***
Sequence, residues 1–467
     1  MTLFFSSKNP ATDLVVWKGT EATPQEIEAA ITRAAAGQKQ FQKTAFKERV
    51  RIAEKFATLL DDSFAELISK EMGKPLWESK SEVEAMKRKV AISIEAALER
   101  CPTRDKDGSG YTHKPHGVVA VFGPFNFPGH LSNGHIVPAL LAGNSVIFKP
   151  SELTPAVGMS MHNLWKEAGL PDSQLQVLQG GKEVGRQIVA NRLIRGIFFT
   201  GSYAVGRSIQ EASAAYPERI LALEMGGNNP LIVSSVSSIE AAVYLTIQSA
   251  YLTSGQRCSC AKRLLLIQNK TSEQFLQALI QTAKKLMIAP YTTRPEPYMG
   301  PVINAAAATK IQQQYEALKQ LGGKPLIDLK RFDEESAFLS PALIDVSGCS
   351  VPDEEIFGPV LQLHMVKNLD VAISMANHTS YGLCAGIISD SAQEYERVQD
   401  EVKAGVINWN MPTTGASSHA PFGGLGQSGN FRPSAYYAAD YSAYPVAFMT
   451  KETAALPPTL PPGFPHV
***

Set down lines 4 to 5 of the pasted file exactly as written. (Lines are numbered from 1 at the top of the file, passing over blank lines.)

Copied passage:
   101  CPTRDKDGSG YTHKPHGVVA VFGPFNFPGH LSNGHIVPAL LAGNSVIFKP
   151  SELTPAVGMS MHNLWKEAGL PDSQLQVLQG GKEVGRQIVA NRLIRGIFFT